It should be noted that in the core abstract function, DefaultHttpClientFactory is a singleton mode, and the acquisition of the interface object it inherits is also a singleton. The HttpMessageHandlerBuilder registration method is to create a new HttpMessageHandlerBuilder instance every time GetService.

The following is the source code for services.AddHttpClient(), where the red part is the registration of the core abstraction function:

   1:   public  static IServiceCollection AddHttpClient( this IServiceCollection services)
   2:   {
   3:       if (services == null )
   4:       {
   5:           throw  new ArgumentNullException(nameof(services));
   6:       }
   8:       services.AddLogging();
   9:       services.AddOptions();

11: services.TryAddTransient<HttpMessageHandlerBuilder, DefaultHttpMessageHandlerBuilder>(); 12: services.AddSingleton<DefaultHttpClientFactory>(); 13: services.TryAddSingleton<IHttpClientFactory>(serviceProvider => serviceProvider.GetRequiredService<DefaultHttpClientFactory>()); 14: services. TryAddSingleton<IHttpMessageHandlerFactory>(serviceProvider => serviceProvider.GetRequiredService<DefaultHttpClientFactory>());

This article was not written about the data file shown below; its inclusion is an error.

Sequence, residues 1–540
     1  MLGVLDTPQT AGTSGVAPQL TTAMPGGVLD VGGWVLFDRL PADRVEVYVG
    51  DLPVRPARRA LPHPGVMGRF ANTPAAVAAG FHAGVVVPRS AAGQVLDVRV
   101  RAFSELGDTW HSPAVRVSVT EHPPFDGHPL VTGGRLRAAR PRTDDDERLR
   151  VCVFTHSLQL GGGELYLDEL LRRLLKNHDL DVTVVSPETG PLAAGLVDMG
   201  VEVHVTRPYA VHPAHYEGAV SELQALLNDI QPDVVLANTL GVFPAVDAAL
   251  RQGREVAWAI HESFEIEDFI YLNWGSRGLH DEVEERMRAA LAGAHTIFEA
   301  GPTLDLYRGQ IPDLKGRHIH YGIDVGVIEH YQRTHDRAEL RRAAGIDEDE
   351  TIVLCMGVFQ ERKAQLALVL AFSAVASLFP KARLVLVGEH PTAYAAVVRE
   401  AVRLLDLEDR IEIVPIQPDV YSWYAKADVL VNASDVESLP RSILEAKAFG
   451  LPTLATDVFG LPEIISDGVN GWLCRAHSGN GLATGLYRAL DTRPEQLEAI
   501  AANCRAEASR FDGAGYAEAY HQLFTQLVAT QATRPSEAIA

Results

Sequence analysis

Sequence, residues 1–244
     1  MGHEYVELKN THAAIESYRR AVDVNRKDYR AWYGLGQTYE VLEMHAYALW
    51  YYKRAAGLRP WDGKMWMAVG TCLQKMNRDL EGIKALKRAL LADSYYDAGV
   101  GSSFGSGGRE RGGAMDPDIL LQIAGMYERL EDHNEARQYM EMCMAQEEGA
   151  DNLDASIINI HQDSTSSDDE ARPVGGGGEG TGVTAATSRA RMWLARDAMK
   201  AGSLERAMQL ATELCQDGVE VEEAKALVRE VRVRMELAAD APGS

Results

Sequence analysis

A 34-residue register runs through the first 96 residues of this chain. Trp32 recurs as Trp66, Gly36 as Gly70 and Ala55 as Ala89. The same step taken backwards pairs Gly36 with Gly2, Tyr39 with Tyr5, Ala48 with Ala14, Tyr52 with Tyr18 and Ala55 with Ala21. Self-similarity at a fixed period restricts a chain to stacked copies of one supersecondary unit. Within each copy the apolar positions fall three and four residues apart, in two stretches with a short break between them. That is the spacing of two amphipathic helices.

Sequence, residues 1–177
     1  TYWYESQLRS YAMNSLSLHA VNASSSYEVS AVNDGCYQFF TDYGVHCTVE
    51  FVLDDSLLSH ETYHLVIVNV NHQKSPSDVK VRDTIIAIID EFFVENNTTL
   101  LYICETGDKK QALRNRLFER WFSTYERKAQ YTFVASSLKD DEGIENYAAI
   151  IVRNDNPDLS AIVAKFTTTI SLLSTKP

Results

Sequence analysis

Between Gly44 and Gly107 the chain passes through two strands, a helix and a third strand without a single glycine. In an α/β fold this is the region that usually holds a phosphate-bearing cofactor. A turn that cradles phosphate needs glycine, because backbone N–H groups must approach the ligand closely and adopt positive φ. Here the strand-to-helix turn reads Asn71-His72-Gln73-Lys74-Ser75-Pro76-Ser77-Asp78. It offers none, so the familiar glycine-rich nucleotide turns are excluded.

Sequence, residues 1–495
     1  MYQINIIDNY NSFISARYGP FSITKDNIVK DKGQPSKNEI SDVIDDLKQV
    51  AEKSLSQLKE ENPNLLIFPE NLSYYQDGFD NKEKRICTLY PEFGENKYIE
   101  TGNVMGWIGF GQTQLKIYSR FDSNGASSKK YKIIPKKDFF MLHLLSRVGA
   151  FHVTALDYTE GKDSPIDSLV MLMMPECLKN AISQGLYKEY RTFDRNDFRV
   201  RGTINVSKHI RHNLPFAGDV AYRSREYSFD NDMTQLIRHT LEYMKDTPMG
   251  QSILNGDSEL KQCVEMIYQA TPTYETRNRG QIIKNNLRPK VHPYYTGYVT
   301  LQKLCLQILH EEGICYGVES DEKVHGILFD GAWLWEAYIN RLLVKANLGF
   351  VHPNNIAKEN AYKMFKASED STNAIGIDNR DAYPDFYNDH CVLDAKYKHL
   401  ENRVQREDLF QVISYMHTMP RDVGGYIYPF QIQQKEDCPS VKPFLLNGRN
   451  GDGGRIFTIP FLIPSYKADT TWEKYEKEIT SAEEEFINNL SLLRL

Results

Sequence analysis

16:       services.TryAdd(ServiceDescriptor.Transient( typeof (ITypedHttpClientFactory<>), typeof (DefaultTypedHttpClientFactory<>)));
  17:       services.TryAdd(ServiceDescriptor.Transient( typeof (DefaultTypedHttpClientFactory<>.Cache), typeof (DefaultTypedHttpClientFactory<>.Cache)));
  19:       services.TryAddEnumerable(ServiceDescriptor.Singleton<IHttpMessageHandlerBuilderFilter, LoggingHttpMessageHandlerBuilderFilter>());
  21:       return services;
  22:   }


DefaultHttpClientFactory is a class decorated with internal, meaning that the class can only be used internally. It inherits the two interfaces IHttpClientFactory and IHttpMessageHandlerFactory. Thus, the creation of the DefaultHttpClientFactory instance has been split into two behaviors.

The location of IHttpClientFactory is an abstract factory that can create a custom configuration for an HttpClient instance of the specified name. It has only one method, HttpClient CreateClient(string name).